When it comes to construction equipment, no one piece of machinery is the same. This is true for any type of heavy machinery, but especially for backhoes. Backhoes are used to dig industrial-sized holes that are essential in the process of constructing various types of buildings and other commercial developments. Depending on the type of backhoe that you use, there may be more advanced components that are unfamiliar and require more expertise; and most construction equipment does deservedly require a license. But when it comes to backhoes, there are some similarities that extend across the board. This backhoe training guide will help you understand how to operate a backhoe like a professional without the need for advanced licensing or training.
Backhoe Training Guide
Step 1: Get a Feel for the Hydraulics
Operating a backhoe is all about hand-eye coordination and integrating one’s feel of the hydraulic system in the operation of the backhoe. Over time, you should be able to feel like the backhoe is an extension of your human brain and body — not unlike how NASCAR drivers feel when they are in their sporting element. This is why we can say with confidence that “no backhoe is the same”: Like a living animal, each backhoe has its own personality in the sense that it feels differently. Before you operate a backhoe, you’ll want to try to tap into this mindset.
Step 2: Locate the Controls
Backhoes are also very similar in the sense that once you're inside the cab of the backhoe, you'll need to locate the levers. In most cases, there will be two levers — the one on the left can be moved up and down, while the one on the right can be moved left and right. When operated in controlled unison, these levers are used to control the backhoe's stick, at the end of which is a bucket which is kept from spilling over due to the boom lock. The first thing you’ll want to do is initiate the stabilizers, then release the boom lock. Push the left control forward to extend the backhoe’s stick. Then push the right control to the right in order to open the bucket.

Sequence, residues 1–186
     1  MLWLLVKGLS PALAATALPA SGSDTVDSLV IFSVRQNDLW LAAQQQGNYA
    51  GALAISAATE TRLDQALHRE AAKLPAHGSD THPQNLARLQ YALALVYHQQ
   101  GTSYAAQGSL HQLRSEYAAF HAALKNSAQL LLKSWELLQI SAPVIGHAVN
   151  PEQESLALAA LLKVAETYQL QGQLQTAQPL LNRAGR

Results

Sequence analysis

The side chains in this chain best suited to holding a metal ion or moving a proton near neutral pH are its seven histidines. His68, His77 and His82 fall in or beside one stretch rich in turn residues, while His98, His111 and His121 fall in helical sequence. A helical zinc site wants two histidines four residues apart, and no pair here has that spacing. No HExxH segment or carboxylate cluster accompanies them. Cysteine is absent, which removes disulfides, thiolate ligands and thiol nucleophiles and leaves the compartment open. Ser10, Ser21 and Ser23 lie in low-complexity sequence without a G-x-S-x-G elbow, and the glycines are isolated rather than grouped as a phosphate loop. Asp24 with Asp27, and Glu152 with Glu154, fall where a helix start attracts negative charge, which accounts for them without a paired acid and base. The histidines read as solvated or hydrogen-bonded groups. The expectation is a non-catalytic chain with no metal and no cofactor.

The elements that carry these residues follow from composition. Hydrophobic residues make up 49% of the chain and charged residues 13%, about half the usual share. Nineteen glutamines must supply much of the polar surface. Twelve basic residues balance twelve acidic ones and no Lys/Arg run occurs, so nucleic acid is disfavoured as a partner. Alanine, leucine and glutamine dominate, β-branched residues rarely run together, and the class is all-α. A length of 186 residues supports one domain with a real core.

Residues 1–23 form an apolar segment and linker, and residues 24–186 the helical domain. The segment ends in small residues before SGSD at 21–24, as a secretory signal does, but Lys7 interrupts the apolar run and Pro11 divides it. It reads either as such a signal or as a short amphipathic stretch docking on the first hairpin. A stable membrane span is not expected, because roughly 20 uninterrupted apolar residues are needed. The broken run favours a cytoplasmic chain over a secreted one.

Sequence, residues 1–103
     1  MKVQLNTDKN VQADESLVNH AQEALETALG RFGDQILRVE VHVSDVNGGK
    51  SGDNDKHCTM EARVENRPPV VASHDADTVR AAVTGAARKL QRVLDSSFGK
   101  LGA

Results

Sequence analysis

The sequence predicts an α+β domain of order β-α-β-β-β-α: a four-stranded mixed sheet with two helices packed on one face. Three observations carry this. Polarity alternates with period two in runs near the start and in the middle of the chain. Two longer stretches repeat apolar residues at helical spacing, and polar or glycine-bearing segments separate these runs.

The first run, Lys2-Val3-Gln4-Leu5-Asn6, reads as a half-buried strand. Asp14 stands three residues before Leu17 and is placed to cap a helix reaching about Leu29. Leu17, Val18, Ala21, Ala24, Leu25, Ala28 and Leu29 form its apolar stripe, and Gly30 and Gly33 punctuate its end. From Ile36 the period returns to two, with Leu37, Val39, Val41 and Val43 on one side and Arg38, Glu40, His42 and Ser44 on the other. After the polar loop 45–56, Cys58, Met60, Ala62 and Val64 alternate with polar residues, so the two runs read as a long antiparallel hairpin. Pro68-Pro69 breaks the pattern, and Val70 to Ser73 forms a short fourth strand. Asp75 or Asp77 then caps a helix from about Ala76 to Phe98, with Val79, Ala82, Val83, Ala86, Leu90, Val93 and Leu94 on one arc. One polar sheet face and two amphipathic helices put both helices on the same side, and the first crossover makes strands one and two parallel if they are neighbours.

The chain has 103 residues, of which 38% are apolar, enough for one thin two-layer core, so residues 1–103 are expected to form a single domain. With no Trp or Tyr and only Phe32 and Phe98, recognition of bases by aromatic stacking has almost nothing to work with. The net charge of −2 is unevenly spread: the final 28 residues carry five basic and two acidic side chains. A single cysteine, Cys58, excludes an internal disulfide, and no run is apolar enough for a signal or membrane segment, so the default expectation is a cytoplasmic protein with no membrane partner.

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Step 3: Dig it Up
Now that you’ve familiarized yourself with the controls and the hydraulics, you’re ready to begin digging up some soil. For this, you’ll need to consider how both levers operate in relation to each other. After pushing the right control to the left to curl the bucket inward, you can lower the bucket into the ground and scoop up the earth beneath the bucket. By pushing the right control to the left, you are able to curl the bucket inward, lowering it into the ground to scoop up earth beneath it. Oftentimes, it’s best to go in at an angle.
Step 4: Lift The Loaded Bucket
Once you’ve picked up a load of soil, you’ll want to use the left and right levers to retract and raise the boom lock while keeping the bucket curled. In this step, beware of what you’re doing: If you overfill the bucket, you’ll find it difficult to keep the bucket curled and could lose control of the load you’re carrying.
Step 5: Dump The Load
Push the right and left levers to the right in order to open the bucket, and then pull the stick toward the cab and dump the load. After you’ve moved the bucket to the Left, you’ll be able to
Step 6: Keep your Safety in Check
Sometimes people don’t consider safety protocols to be an essential aspect of backhoe operations, but in fact they are essential in order to consider oneself a “pro” backhoe operator. Whenever digging is a part of a scope of work, you should be sure to pre-inspect the location of preexisting underground obstructions such as utilities; if this hasn’t been done, then you risk damaging underground utility lines. Outside of this fundamental situational awareness, some other general tips and best practices include:
- Try to honk your horn before moving the machine, so that you can alert anyone nearby
- Make sure the swing lock is in place and the boom is locked before driving the backhoe
- Make sure to never leave the operator seat when the backhoe is running
- Do not go underneath the machine if it’s running
If you are interested in formalizing your education and becoming a truly professional backhoe operator (rather than just operating a backhoe like a pro), then you will need to receive specialized backhoe operational training. There are many of these across the country, but Heavy Equipment College of America has a particularly noteworthy backhoe operation training program due to its sheer comprehensiveness. Because they have a variety of different offerings, Heavy Equipment College is able to provide a wide variety of advanced aspects of training certifications, ensuring that you won’t just look like a pro backhoe operator — you will be one.